When we adopted Austin, and the maternity leave ran out and I was looking at going back to work as a full time teacher, a lovely lady we knew told us a long story of her son’s daycare. There was a small farm, with a husband and a wife running a 6 child daycare, and the story involved the Grandma taking the kids fishing in the irrigation ditch and at the end of the adventure distracting the boy until she could slip a trout she had bought, dead at the grocery store, on the boys line. He pulled it in and danced around in the thrill of success and eventually carried it all over the apple orchard and carrot patch and showed it off to everyone before begging her to cook it for lunch. She slipped the hot, muddy fish in the compost and cooked up some frozen fishsticks and the boy bragged about that fish for months.
I was so delighted when grandma Nadine had an opening for my 6 week old. And she asked me to buy him cloth diapers to keep there because she loved hanging freshly laundered diapers on the clothes line in the sun. She was a relic from another time, but 21 years later is still around. I loved her energy and creativity and joy and compassion. She added in my second son a year later, and as all our blood relatives were 1300 miles away, the daycare kids and grandparents were the most real family the boys knew. She wasn’t exactly honest. She got them to eat the ham on their salad by telling them she had taken her shotgun and killed the screaming bird next door and it was smoked peacock.
She also fed them possum and rattlesnake and amazingly bowls of caviar (banana oatmeal.) But most importantly she nourished their imagination and their bodies. Imagine Me, the sugar addict, stunned by my son begging for “broccoli Stalks” and beets. No wonder she could take two, two year olds on her lap and rise from sitting crosslegged on the floor without using her hands at age 75! The pictures show her, long after they were out of daycare surrounded by some of “her kids” at a weekend gathering, in the same spot the picture on the right was taken during the daycare days. In the older picture the boy in Yellow is my oldest. He is bottom right in the newer shot and his brother is snuggled beneath her left arm on the right of the picture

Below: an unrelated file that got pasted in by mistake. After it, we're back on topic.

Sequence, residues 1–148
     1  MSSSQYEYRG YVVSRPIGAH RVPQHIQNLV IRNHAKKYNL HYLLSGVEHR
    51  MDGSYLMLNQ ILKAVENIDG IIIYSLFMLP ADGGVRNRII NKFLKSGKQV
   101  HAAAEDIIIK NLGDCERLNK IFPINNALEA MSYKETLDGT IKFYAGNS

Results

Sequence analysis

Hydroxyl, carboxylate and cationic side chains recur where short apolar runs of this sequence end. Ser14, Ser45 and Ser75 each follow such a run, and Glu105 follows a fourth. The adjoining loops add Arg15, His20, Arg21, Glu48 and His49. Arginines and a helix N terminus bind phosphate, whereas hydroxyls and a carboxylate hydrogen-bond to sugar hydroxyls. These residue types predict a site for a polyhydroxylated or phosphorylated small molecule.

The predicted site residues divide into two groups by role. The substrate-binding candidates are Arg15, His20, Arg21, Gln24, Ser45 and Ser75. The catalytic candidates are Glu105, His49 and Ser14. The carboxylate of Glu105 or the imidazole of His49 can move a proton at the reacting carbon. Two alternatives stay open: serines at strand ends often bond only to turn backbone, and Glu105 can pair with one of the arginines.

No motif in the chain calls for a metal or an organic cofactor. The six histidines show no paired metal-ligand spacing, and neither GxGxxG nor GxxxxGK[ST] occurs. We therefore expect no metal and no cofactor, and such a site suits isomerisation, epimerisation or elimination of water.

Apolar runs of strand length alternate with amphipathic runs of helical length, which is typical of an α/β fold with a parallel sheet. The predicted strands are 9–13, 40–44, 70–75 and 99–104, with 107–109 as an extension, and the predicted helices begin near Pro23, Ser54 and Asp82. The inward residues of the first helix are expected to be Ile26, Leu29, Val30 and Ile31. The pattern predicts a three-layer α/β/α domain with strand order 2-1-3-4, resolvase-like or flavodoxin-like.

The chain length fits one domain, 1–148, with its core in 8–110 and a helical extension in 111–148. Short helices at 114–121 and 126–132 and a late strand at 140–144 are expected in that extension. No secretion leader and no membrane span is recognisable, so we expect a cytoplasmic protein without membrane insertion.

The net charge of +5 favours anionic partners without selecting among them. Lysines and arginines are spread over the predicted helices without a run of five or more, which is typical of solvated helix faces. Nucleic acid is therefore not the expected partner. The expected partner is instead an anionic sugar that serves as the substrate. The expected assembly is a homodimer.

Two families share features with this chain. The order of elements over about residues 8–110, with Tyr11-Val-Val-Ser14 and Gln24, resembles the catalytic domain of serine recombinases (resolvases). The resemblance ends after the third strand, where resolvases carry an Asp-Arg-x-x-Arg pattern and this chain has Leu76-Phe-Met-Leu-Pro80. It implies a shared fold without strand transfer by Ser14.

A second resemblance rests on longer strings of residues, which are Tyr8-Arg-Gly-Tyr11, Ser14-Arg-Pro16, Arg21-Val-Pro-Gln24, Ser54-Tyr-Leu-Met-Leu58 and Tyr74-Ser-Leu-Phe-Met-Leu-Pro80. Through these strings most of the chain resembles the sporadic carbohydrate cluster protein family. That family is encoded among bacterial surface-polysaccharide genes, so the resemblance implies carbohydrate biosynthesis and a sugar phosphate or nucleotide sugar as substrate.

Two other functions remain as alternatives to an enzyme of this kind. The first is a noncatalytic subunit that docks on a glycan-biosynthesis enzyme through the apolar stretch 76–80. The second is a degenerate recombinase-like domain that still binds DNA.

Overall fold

Having two sons, only a year apart was often difficult and we were exhausted because the youngest never slept more than an hour until he was two – and probably not then. I always suspect he just started entertaining himself by telling himself stories in silence.
It was also the most joy filled time of our lives up until that point. We frequently remarked, “we’ve never been tireder or happier.”
I had a lot of toddler experience. I’d been a big sister and had taught pre-school through age 7 special education for ten years, but my husband, the youngest of six – took to playing with the boys as if it was what he had been born to do. He never wanted to go anywhere without them, and we did a lot of playing in the local parks and beaches and going to family swim twice a week.
I know we were not perfect parents but it was something we both loved doing. I read stories and sang to them and let them make big splashy paint and playdough messes while I led the way. Greg let them be daredevils and pushed them really high on the swings and encouraged them to ride bikes and scooters and jump off rocks and climb trees.
When there were tears we both came running and we each took a year off to stay at home with them. Being thirty when we got the boys and being fairly stable in our job and relationship made us have it easier, but there were a lot of moments when it was the parents crying too. It was hard, and I could have focused on the times they were both vomiting and having diarrhea, or fighting with each other, or teething and screaming all night. I could focus on the day they came running in to announce that they had washed the fire truck, and I found the paint scraped from my van with river rocks to the tune of a couple thousand dollars. But I had waited so long to have a child and could feel the relentless passing of time as they grew while you watched them and my Dad was dying as they were 2 & 3 so I was reminded to get through the rough spots and hold on to all the joy.